There usually is one level that is much stronger expressed and/or received than the others. In our example, it could be the self-revelation that the sender was not pleased, frustrated, or angry about the presentation. But even the most perfectly phrased feedback may fail if the receiver was not ready for it. Every side of the model needs to be decoded by the one receiving it. And there we have it again: Feedback is a two-way movement! You are in charge to do your 50 percent and receive the message as complete as possible.

  • Hearing the facts: There are new facts in every conversation, but they might not be equally obvious or important. As the receiver, ask yourself – what was the new information you got from the message?
  • Understanding the sender: Take the emotional state of the sender into account, as well as the overall situation. Were you in a rush? Was there a lot of noise around you? Was the sender relaxed, tensed, or even angry?
  • Analyzing your relationship: Who hasn’t received a feedback that was hard to take in, and immediately thought – who are they to tell me what do do?! This is a typical indicator that there is something off on the relationship level. Focusing on this side may keep you from understanding the crucial point of the message, and might on the other end keep the sender from bringing their message across. This level is very powerful – especially in the workplace, where you are confronted with a ton of different relationships every single day.
  • Appeal: If someone feels the need to provide feedback, there’s usually an appeal behind it. Maybe they want you to improve your presentation skills, or they saw that you lacked technical knowledge which disturbed the presentation flow. There is something for sure – but you need to hear it.

Don’t take it personally!

If you feel offended by feedback easily, or you have a hard time accepting even justified remarks, take a look at the relationship side of the message. It can heavily interfere with your ability to accept feedback, if you subconsciously decide that the person providing the feedback is not in the position to tell you. How you analyze the relationship level also reveals a lot about yourself. Maybe you don’t want to accept a feedback because they are not perfect either. While that is a hundred percent true, it also tells me that you feel insecure about yourself.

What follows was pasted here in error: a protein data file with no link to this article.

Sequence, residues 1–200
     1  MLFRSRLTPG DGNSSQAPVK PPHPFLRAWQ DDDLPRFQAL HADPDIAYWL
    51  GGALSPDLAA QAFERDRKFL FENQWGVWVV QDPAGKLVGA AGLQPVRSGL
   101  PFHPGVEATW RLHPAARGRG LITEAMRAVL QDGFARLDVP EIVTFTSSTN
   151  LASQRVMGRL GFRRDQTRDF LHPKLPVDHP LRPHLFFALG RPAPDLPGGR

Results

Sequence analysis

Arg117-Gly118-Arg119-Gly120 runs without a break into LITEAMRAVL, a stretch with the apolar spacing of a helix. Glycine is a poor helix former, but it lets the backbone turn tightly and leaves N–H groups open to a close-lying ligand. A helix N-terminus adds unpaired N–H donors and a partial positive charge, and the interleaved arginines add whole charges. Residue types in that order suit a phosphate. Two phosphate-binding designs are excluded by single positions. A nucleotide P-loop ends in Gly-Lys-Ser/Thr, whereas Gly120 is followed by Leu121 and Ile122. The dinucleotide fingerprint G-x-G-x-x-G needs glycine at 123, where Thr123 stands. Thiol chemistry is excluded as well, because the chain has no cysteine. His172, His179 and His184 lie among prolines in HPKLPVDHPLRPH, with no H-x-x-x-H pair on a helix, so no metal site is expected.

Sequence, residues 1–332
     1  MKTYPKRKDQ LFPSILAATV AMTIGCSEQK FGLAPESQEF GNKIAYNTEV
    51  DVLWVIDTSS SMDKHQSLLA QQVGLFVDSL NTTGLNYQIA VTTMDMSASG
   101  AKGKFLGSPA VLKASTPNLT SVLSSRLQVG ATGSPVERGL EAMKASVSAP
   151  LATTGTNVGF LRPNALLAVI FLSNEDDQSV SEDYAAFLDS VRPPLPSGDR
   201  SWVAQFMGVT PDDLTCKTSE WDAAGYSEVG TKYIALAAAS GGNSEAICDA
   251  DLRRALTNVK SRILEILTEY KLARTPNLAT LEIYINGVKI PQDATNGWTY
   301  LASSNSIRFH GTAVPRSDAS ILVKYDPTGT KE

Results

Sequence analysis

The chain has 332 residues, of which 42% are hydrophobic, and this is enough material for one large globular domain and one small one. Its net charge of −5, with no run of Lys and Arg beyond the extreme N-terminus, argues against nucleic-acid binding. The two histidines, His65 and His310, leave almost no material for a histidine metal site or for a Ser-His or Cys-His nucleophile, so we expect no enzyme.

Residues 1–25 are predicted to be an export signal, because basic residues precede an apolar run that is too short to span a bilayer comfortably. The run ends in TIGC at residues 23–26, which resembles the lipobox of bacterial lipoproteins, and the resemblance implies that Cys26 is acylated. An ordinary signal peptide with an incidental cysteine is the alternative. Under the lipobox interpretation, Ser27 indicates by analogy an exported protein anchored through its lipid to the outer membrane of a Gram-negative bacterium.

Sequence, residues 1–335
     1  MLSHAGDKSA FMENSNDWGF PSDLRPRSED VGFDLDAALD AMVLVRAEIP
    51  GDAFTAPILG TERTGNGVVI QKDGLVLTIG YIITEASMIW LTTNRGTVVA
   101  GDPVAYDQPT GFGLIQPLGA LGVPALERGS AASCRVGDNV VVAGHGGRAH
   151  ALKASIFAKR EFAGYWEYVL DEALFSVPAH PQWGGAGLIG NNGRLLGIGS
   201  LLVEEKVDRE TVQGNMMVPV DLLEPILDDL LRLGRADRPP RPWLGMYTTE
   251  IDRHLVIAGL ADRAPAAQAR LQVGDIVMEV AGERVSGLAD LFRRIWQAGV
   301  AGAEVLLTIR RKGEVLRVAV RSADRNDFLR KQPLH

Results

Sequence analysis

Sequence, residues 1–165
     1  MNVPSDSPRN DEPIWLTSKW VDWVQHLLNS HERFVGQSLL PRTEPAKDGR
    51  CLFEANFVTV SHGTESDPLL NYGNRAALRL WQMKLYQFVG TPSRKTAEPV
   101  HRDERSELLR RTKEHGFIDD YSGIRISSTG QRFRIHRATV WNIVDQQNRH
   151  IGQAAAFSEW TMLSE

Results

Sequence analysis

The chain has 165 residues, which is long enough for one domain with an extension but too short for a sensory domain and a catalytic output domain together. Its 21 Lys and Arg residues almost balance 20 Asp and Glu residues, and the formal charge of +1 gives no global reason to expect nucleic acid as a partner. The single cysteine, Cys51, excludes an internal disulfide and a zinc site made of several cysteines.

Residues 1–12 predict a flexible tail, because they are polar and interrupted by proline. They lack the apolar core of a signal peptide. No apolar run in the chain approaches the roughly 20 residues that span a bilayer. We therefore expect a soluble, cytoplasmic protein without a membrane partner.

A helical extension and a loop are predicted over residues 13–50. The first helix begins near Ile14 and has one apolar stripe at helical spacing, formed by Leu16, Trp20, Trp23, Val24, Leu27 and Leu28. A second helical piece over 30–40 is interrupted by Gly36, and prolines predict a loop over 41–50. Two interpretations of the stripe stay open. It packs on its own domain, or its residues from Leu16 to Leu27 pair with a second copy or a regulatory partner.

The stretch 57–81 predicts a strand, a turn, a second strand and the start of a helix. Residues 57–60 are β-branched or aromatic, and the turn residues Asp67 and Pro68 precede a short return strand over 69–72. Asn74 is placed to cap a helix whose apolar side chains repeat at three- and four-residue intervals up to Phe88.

Feedback in the workplace most often is not meant to be taken personally – but the way in which it is uttered may be quite crappy. In that case, it’s really the best to be the better person. Take it, sleep over it, and come back to it the next day. It will not help your collaboration if you reply in the same shitty manner. Instead, how about letting them know that you thought a lot about their feedback, and that you had feedback for them yourself, if they want to hear it? This way, you allow them to keep their face, and offer an additional opportunity to apologize (because maybe they really had a hell of a day and your presentation just was the last straw). Additionally, you can ask for more details and learn something from it at last. Ignoring encounters like this one – or even less intense ones, that are not super-duper comfortable – will lead to nothing (except for people stopping to give you feedback). You cannot cut someone out of your work life if they sit in the office next to you. So before it’s too late – open up that conversation and start receiving the messages that are sent to you.

Want more?

A great book on how to receive feedback is Thanks for the Feedback – The Science and Art of Receiving Feedback Well by Douglas Stone and Sheila Heen. There’s also an audiobook version if you are more into listening than reading. I can fully recommend it – there was more than one page where I totally recognized myself. Try it out, I promise you that you will enjoy it.